Published on September 3rd, 2012 | by Sachit Shivam2
Why phones shouldn’t have 4G radios, HD screens, quad core processors
Starting right away with this one.
Just my take on why we don’t need or shouldn’t have 4G radios, HD screens, and quad core processors in phones.
Apple didn’t make the iPhone 4S an LTE device because they know that battery life would take a big hit.
Already we have people complaining about the battery life, which went down in the 4S due to the second antenna (which was added, once again, to fix something that wasn’t broken, just to satisfy customers thinking they lost bars because of holding the phone on the left side)
Combined with 4G, the battery life would’ve barely crossed a few hours.
Think about all the LTE devices in the US right now.
Horrible battery life.
That’s the reason for the existence of the RAZR Maxx in the first place, and I’m not complaining about the phone.
What I am complaining about is the addition of things we don’t really need yet.
4G, HD screens, quad core processors.
We don’t need these things for now.
They hit battery life because they consume more CPU cycles in the case of HD screens rendering graphics, more battery life for 4G, and just generally higher power consumption in quad core processors even though manufacturers are working on power efficiency.
As for why we don’t need these things, in my opinion?
According to Wikipedia, peak download speeds on LTE are 100Mbits/s.
For the major effect this has on battery life, do we really need 4G?
What do we do on our phones that requires internet access speeds this high?
Think about it, is the trade-off really worth it?
3G’s fast enough at 7.2 Mbps peak speed.
2. HD screens
The Galaxy S II has a 480 by 800 4.3 inch screen with no noticeable pixelation.
Small icons and text on it look very good.
Enter a slew of phones, the Note, Note II, S III, Ativ S, Atrix HD, Galaxy Nexus, Xperia S, Xperia T, Xperia TX, Xperia acro S, Xperia SL, Xperia V, Xperia ion, One X, One XL, Optimus 4X HD, Lumia 920, Lumia 820 and so on.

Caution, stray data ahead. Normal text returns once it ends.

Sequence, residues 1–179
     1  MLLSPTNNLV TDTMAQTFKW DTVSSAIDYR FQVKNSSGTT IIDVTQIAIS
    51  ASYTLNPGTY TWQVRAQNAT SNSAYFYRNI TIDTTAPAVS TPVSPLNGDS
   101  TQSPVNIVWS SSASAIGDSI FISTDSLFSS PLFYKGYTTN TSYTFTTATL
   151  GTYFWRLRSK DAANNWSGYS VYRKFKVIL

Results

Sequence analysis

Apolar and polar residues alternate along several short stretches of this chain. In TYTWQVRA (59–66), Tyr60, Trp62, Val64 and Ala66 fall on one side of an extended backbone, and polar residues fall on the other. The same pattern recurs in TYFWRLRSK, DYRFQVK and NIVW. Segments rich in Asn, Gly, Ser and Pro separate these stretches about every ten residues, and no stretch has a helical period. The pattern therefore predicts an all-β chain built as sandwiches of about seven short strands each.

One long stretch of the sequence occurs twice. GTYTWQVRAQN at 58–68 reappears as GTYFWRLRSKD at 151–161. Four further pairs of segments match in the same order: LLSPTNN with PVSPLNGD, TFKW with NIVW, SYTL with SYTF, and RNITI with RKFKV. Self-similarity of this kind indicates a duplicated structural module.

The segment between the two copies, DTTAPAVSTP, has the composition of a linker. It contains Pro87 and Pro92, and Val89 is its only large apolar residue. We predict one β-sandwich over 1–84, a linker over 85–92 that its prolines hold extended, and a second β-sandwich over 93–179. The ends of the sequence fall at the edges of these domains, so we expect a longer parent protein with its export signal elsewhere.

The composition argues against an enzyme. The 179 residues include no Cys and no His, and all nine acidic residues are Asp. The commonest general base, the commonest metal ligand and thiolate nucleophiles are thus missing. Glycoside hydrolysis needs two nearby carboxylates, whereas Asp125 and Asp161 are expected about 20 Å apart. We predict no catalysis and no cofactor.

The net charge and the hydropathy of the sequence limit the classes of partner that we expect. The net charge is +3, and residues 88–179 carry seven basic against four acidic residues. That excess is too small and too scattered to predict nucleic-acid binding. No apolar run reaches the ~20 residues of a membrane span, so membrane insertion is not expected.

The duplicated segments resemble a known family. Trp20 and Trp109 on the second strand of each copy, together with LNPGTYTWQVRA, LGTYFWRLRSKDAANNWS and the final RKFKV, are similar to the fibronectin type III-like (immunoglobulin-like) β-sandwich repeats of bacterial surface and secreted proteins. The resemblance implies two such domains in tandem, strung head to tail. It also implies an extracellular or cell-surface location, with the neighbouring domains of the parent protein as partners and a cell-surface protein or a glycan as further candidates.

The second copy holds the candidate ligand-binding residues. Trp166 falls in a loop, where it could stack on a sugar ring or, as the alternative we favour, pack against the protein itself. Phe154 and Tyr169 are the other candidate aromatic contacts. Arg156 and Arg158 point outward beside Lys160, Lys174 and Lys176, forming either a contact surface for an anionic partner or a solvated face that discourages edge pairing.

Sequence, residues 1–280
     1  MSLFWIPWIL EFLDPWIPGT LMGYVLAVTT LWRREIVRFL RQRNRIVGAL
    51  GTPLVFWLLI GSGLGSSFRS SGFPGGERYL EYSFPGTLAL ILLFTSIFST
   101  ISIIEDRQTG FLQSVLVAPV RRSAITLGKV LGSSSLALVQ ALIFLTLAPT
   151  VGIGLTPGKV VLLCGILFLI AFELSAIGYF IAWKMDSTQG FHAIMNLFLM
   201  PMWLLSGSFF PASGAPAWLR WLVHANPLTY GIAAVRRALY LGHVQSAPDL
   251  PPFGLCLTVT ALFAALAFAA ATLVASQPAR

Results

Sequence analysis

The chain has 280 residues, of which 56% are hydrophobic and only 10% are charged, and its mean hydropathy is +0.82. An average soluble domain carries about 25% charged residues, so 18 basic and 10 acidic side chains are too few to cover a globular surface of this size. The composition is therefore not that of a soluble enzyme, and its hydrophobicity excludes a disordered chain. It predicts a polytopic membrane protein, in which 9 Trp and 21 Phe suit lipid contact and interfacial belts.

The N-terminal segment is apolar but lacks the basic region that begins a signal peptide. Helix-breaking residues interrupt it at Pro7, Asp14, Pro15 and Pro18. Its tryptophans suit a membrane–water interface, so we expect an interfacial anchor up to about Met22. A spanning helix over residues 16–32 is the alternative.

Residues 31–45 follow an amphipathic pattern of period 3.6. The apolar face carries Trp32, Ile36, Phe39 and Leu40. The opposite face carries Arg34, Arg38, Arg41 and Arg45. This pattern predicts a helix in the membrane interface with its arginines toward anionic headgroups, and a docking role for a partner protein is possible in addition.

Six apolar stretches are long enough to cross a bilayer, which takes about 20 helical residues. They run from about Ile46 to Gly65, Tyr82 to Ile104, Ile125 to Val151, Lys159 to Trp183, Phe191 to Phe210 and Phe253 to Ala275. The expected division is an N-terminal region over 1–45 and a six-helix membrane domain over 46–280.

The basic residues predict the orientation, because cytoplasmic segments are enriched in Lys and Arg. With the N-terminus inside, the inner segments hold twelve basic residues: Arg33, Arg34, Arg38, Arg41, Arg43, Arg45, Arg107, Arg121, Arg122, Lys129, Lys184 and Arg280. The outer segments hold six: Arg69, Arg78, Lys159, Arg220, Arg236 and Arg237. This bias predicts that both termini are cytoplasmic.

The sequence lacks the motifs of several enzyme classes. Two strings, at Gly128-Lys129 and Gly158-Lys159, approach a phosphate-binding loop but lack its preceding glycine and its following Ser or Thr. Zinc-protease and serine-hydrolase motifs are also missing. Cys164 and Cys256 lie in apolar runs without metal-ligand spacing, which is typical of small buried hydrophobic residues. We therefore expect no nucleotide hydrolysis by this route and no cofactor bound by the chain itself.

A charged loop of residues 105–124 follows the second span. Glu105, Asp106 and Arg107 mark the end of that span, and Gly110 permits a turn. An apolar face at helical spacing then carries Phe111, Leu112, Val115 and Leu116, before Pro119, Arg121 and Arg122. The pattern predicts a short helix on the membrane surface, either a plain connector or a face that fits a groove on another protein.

Except for the Note and Note II, that have 5.3 and 5.5 inch displays respectively, none of their screens are large enough to justify a 720p display.
Wouldn’t a 480 by 800 or a 960 by 540 display have sufficed?
I think it would have, but maybe that’s just me.
3. Quad core processors
I’m not going to downplay how monumental an achievement having quad core processors that are that small, is.
However, there is no significant performance difference in dual core and quad core processors, before you gamers chuck stones at me, in day-to-day usage.
Phones running on either kind of processor perform just as well at most tasks.
Sure, maybe quad core processor running phones give you better graphics in games, but they also drain battery life.
Now that the list is done with, why does this matter?
It matters because your mobile phone isn’t truly mobile if you have to keep charging it every few hours.
Consumers who switch from featurephones to smartphones, their first complaint is the comparatively lower battery life.
Their complaints are justified.
Battery life is important.
I can’t have my phone dying on me on a long day away from a charging outlet.
Especially now with manufacturers making batteries non-user replaceable to make phones thinner.
And the OEMs aren’t going to put bigger batteries in phones either, to, once again, keep the phones slim.
Another major issue is that manufacturers then proceed to charge large amounts of money for the addition of these ‘features’ to their phones.
Of course, this only idealistic.
We all know OEMs aren’t going to not incorporate features, because they’re corporations and their aim is to make money however they can, regardless of which corporation we’re talking about.
So, there it is folks.
What do you think? Am I wrong?
Please do share your thoughts with me.
— Sachit Shivam